Hello All, I'm a Rover in SW Durham, NC. Lots of woods around. The following was posted to my neighborhood listserve today. I thought it could be helpful to share.
"My dog was bit by a copperhead today
Just a heads up, it’s copperhead breeding season and lots of them have been seen recently. My dog Wicket was bit today on Racine Street, and when we took him to the vet (Triangle Veterinary Hospital on Old Chapel Hill Rd) they said he was the third snake bite patient they’d had today. Keep your eyes open and keep your dogs away from tall grass or other areas where a snake could be hiding. Be safe in your yard as well- when in doubt, use a rake before reaching your hand down towards the ground."
I'm also wondering if anyone has had to deal with a dog being bitten by a snake or anything else creepy crawly while in your care. How did you handle it?
Would love to meet other Rovers in Durham!
In my area, no snakes. However, there are plenty of bees, especially near the flowering shrubs & flowers where the male dogs like to urinate. They've stung my dog more times than I care to count. Must be because he's so sweet! I always have generic equivlent of Benadryl at home and in the car. To prevent anaphalactic shock and a vet visit, it requires remove the stinger and administer 1 MG per each LB of dog weight up to three times for first 24 hours.
Recently, I observed a coyote when my dog and one of his small friends were going on a walk. Annually, I review a publication about coyotes published by humanesociety.org and projectcoyote.org, which includes hazing technques as well as a reminder when Not to haze (such as if it's March through July and you may be near a coyote den and if you're a comfortable distance away where you can calmly walk away, pick up leashed dogs, and leave).
Thanks so much for the thoughtful feedback. I am in the process of organizing my First Aid kit, so this is very helpful scenario planning advice!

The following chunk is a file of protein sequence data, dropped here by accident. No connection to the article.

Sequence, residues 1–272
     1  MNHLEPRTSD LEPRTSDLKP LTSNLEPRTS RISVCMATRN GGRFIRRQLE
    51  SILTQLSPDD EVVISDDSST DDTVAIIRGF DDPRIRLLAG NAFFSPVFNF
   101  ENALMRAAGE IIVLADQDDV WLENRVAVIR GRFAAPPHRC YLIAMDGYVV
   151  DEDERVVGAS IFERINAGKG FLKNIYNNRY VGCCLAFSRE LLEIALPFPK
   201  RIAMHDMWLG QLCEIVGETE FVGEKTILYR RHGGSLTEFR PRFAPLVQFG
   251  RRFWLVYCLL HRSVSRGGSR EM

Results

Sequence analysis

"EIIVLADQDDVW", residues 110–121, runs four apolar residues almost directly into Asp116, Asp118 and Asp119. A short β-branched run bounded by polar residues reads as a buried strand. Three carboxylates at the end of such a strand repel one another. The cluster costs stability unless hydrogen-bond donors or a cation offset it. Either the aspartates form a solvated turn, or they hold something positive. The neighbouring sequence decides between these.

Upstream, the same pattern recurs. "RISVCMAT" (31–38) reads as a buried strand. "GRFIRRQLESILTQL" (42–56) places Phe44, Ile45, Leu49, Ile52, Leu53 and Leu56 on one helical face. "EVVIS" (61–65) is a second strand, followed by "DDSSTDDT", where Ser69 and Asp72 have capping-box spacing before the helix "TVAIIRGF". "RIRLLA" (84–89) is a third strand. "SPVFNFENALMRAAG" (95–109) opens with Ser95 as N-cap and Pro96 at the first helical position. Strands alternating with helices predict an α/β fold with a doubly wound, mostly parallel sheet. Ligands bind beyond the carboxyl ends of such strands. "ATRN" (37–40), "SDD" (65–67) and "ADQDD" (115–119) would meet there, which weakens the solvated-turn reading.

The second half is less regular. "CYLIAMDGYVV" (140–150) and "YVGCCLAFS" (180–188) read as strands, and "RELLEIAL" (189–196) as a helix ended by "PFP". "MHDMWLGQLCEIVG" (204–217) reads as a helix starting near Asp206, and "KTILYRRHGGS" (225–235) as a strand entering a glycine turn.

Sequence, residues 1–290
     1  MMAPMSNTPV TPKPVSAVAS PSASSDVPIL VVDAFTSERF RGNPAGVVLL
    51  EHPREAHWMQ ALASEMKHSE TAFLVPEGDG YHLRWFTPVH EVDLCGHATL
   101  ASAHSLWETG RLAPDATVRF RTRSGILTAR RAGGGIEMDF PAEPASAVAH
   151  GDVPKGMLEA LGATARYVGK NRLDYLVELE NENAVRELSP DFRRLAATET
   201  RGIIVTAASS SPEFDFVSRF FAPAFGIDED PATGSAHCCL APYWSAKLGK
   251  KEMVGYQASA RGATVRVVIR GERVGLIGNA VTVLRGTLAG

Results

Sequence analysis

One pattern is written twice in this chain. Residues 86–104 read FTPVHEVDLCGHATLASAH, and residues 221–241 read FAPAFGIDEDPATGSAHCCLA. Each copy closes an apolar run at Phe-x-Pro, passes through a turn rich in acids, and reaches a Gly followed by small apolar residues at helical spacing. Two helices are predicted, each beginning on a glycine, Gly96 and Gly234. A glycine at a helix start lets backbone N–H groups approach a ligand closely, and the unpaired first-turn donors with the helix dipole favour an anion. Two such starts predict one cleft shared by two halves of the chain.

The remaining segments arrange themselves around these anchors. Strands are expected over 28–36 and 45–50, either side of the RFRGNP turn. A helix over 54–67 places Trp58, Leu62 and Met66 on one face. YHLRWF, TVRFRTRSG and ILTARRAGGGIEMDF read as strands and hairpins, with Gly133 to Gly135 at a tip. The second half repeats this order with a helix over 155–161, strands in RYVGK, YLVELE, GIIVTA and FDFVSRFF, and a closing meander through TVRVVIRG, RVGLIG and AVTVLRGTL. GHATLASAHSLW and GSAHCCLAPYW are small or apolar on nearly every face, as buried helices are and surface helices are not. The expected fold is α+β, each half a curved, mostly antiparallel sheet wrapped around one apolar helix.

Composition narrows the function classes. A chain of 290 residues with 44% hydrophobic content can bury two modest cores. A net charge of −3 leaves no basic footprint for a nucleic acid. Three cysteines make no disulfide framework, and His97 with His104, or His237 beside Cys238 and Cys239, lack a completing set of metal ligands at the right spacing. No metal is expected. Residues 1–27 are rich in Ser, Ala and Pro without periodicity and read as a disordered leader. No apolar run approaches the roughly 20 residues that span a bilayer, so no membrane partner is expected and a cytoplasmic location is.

Timing also perfect re coyotes, as I just had a discussion w a client who had a close encounter. Much appreciated!
Glad my response helped. Another tip I can offer is that since I care for small dogs, I cut some of the 25 MG tablets in half, so I have 12.5 MG doses ready for a dog weighing about that.
Coyote encounters, even in urban areas, seems to be on the rise and there's some confusion over how to handle it, so I saved those two thorough publications, which were free & available online.
I used to live in San Diego where Rattlesnakes roam the hills and valleys. My vet told me that there is a vaccine like shot that can be given a dog. While the shot does not stop the effects of a bite, it gives you about 2 hours to get to an emergency vet hospital.
I now live on the Gulf Coast, and rattlers live on the dunes where dogs like to go (the rabbits live there) and play hunt, and where my dog likes to go and poop. I make sure that each year, he gets a booster shot because even though his vet is only 18 miles away, it takes an hour to get there because we have to take a ferry to get to Galveston where my vet is. The closest vet in the other direction without a ferry ride is 45 miles away. The shot gives me the opportunity to get to my vet when necessary. When I walk my clients dogs, I make sure they stay away from the dunes.
Rattle snakes are out in the Phx, AZ and metro area hiking trails. It's getting to hot to take our dog hiking and I am booked with dogs. Been very careful to stay on trails and eye open when hiking.
Thanks for sharing your experience, suggestions and cautions, everyone!
Here's something I just learned - poisonous baby snakes can be more dangerous than poisonous adult snakes. The baby snakes release all their venom when they bite, whereas the adult snakes release venom based on the size of their prey. Logically, it could seem a baby snake bite could be less serious and be taken less seriously.
© 2018 Rover.com. All Rights Reserved.
2101 4th Ave #400 | Seattle, WA | 98121